icanyoucantoo is a grassroots social enterprise that coaches and mentors youngsters, from under-privileged communities. We managed to speak to Nilesh Dosa, the founder of icanyoucantoo, while at Anthropy.
“Having grown up in a deprived part of London, I understand first-hand the challenges faced by many young people and their families,” says Nilseh. “My passion, in all that I do, is clearly evident and is commented upon regularly.
“This is simply because ‘I get it’ – I am basically going ‘back home’ to give the next generation the opportunities and insights that I myself did not receive.”
The Christmas season has officially arrived. Why? Because the famous John Lewis advert is here… awaited for by many as the festive season approaches.
But more than just getting us into the Christmas spirit, the advert has an important message behind it – highlighting the number of children in care each year, and their commitment to support happier futures for children.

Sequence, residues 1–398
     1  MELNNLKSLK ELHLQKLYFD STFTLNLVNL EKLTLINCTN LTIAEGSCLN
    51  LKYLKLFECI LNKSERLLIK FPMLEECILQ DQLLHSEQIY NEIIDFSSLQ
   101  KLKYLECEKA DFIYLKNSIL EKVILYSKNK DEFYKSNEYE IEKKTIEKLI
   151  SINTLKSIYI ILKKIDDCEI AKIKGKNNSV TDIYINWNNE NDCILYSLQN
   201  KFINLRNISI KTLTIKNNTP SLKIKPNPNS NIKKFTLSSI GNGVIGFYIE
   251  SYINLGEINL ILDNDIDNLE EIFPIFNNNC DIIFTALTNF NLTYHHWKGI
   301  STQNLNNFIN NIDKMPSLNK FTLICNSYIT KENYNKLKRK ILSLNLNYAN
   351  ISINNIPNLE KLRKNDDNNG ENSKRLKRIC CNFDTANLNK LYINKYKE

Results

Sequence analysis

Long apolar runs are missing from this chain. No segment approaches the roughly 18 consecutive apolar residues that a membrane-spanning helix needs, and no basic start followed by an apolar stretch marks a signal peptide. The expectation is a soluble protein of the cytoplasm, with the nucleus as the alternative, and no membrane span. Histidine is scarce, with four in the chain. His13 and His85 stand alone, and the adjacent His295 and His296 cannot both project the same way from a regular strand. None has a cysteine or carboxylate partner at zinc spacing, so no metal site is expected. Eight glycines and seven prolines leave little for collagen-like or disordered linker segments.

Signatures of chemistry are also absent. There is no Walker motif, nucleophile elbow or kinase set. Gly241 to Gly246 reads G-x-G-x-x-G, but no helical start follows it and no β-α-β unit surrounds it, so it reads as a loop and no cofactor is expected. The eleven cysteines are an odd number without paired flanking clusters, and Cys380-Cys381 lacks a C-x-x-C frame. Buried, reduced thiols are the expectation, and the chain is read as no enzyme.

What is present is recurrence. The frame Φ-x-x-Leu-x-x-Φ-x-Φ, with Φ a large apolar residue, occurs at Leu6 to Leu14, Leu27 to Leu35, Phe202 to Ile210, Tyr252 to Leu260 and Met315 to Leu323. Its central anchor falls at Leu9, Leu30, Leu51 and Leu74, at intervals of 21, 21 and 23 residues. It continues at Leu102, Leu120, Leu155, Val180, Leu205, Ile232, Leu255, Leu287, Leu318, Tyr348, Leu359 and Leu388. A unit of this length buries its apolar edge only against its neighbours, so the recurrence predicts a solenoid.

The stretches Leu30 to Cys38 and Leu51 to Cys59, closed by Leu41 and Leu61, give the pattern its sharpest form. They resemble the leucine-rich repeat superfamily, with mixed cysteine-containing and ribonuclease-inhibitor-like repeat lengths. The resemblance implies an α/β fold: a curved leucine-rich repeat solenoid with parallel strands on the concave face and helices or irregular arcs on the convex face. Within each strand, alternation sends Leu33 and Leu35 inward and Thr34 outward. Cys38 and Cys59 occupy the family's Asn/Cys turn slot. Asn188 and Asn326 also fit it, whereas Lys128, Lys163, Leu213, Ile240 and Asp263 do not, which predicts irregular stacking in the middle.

Want to watch?
The advert follows a foster dad, as he prepares to learn skateboarding – a hobby of his soon-to-be foster daughter.
At the end of the advert, John Lewis writes: “Over 108,000 children in the UK are in the care system.
“We’re making a long-term commitment to support the futures of young people from care.”
The Christmas advert is more than just an advert, as it builds and promotes John Lewis’ Building Happier Futures charity partnership.
What’s the partnership?
“We are partnering with Action for Children to develop UK-wide bespoke employability support for young people who’ve experienced care,” they say .
“Our partnership will ensure they have the tools and confidence to build their experience and careers. Care experienced young people will participate in developing this support which has the potential to impact hundreds of young people across the UK.”